* * *Okay, I started this two days ago and I see that Obie's already given his speech. I saw Father Jenkins on a newsclip cuddling up close for the photo-ops. Most of the students seemed happy to have Obie on hand, and the only people arrested for fanaticism were abortion protestors, among whom was Norma McCorvey, the original Roe. They gave Obie an honorary law degree. Isn't he already a lawyer?
How did Yeats put it? "The best lack all conviction, while the worst are full of passionate intensity." That may describe something in general, but it's wrong. The best on Notre Dame's commencement day ended up in jail, at least for a while. Hopefully they were all released on their own recognizability as decent human beings.
My initial purpose was not to write about societal degradation. It was to bring you up to date on...something. I'll remember before we're done. The problem is, I was sober at the time, a condition which inclines one to be half-serious about things. Now that I've done some yardwork washed down by a few Czech lagers, I see clearly what's really important.
You've probably been wondering, for example, about Sam the squirrel. I still feed him regularly. There's more than one squirrel, though, and I'm not sure which one's Sam. All I know is that I put nuts in the camphor tree on a regular basis, which inclines one squirrel to try to terrorize the other into leaving. He (Sam, I presume) chases him or her into the topmost branches to keep it all for himself. So I put nuts in more than one crook so that both can feast. One day I came out the back door and Sam was hanging from a big branch by his hind legs to attract my attention. Literally hanging there and swinging in the wind. I didn't have my camera handy, but I did get a shot of him eating the nuts:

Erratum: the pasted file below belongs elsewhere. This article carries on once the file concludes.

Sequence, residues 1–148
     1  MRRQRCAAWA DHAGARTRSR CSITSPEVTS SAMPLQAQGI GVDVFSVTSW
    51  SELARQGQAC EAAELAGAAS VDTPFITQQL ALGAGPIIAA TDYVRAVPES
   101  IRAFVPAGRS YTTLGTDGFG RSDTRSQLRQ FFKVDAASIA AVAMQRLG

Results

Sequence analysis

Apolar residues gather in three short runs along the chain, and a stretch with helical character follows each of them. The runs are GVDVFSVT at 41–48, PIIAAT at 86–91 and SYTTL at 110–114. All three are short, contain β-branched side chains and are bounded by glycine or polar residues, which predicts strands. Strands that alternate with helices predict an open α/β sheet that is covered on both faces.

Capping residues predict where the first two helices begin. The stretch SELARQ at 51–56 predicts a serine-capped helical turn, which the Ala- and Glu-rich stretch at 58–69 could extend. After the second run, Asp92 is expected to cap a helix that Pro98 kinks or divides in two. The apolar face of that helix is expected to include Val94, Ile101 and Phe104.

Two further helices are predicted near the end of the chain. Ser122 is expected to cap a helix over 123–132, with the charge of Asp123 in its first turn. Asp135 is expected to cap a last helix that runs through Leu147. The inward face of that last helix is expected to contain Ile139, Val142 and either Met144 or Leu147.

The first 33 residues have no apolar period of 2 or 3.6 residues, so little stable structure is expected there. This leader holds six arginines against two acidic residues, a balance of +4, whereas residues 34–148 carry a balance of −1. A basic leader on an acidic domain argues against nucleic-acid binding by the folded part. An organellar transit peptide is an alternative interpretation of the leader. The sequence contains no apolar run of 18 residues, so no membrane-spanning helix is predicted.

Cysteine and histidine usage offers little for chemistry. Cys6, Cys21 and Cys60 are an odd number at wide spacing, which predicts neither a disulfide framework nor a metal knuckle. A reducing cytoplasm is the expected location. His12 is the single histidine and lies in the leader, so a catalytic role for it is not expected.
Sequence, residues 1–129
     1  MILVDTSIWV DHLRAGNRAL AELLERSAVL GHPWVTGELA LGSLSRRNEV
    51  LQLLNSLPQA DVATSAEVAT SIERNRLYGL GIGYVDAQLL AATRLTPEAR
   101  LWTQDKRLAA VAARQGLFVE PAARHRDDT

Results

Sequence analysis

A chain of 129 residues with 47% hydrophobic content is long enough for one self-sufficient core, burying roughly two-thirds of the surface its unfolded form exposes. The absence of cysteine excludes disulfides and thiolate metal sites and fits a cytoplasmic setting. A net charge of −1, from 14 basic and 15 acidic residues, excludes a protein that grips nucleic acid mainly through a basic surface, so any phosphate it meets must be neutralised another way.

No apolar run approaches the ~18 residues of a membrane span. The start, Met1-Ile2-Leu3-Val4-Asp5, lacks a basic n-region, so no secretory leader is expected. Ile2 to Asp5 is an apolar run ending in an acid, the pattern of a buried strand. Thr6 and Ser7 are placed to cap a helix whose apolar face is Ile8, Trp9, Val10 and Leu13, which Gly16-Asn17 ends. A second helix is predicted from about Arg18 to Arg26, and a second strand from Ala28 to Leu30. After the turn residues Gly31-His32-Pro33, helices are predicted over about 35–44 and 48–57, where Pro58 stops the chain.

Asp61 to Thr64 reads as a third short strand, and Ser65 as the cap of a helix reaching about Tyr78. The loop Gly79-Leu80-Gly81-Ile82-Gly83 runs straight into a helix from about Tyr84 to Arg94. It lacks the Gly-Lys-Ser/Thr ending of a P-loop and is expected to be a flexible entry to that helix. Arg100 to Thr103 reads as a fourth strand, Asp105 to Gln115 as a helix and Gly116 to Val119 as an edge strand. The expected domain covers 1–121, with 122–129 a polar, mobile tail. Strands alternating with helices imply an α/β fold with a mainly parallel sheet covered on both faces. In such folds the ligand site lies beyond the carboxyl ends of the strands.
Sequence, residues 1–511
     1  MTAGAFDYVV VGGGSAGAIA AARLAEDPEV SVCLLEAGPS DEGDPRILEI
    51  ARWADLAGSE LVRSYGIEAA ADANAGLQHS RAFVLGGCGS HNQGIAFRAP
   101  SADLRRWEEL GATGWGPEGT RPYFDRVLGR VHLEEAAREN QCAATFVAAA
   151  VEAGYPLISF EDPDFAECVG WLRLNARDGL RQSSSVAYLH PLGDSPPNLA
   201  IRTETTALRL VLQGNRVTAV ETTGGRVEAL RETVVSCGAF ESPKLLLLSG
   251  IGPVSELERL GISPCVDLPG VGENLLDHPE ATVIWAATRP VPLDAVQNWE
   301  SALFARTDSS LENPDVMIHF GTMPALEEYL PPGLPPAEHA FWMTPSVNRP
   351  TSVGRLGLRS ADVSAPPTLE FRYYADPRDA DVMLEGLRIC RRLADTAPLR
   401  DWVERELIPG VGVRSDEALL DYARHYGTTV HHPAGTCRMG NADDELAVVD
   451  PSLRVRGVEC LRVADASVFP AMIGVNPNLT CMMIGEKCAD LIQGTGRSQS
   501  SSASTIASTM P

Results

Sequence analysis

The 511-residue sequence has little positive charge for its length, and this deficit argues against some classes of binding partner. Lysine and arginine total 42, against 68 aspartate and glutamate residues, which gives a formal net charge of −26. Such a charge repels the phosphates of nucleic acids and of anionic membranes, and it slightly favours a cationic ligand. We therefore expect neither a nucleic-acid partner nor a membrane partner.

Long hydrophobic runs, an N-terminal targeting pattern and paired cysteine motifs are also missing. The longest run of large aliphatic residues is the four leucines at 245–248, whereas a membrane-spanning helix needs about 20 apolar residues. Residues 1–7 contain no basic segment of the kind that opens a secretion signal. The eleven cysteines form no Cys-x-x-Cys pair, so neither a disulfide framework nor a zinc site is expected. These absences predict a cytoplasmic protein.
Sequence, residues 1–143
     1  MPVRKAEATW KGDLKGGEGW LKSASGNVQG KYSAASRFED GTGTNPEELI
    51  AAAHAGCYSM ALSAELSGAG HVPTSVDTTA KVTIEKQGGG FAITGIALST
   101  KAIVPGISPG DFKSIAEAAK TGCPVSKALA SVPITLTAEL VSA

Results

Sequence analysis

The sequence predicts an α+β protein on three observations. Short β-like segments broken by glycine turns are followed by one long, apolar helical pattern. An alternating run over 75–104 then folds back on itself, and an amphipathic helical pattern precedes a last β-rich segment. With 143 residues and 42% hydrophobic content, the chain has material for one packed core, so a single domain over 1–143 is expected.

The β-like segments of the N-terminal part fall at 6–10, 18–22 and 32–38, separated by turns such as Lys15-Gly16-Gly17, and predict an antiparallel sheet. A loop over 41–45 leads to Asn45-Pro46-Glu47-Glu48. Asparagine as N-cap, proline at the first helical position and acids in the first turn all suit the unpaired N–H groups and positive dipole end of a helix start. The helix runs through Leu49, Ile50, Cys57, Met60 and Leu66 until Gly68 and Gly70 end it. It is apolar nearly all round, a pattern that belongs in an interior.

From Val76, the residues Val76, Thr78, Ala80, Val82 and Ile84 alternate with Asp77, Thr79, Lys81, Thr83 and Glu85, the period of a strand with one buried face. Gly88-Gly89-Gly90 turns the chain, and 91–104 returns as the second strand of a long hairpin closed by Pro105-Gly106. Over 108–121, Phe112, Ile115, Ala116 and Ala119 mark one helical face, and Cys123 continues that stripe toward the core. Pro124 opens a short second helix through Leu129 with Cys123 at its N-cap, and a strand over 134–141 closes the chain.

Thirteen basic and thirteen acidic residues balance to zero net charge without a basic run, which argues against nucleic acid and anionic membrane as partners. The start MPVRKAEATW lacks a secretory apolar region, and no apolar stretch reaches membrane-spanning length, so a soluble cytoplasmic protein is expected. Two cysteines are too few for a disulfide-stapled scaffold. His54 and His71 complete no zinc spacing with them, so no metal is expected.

Pretty single-minded about it, isn't he? Unlike a lot of people, he's true to his nature. Without fail. Animal nature can be disturbingly complex, though. I assume some of you saw the vids on youtube of Christian the lion. Animal Planet revisited the history of it recently, which included interviews with the two young men (now in late middle-age, or worse) who originally bought the lion cub at Harrod's in London back in the sixties and took him home as a pet. Here he is, still a cub, but not exactly your average kitty-cat:
And here he watches a newborn flock of chicks walk by without laying a paw on them:
As lions do, Christian grew big, too big to live in London outside of a zoo, so arrangements were made to take him to Africa, where George Adamson had agreed to try to acclimate him to the wild. George's story, and that of Elsa the lioness, was told in the movie Born Free. The actress who starred in that movie, Virginia McKenna, and her co-star, Bill Travers, met Christian and may have facilitated the arrangement with Adamson. So Christian was put on a plane and, many thousands of miles later, greeted by his owners:
As part of his introduction to a new life, Christian had to meet the full grown lion, Boy, already in Adamson's camp. Boy beat up on him pretty good, and once the dominance factor was established, the two were set free to start a pride of their own. They returned periodically of their own free will to Adamson's camp. One day Boy showed up, having been badly mauled by rival lions. He was treated for his wounds, of which he healed, but his temperament had changed. One day he showed up at camp and killed one of the black men who had worked with Adamson for years. I don't know what happened to him after that. But Christian had met with success, starting a pride of his own. He had been living in the wild for a year before his owners returned for a visit. Adamson knew where to find Christian, and took the young men with him. Christian just stared at them for an uncomfortably long time, and then this happened: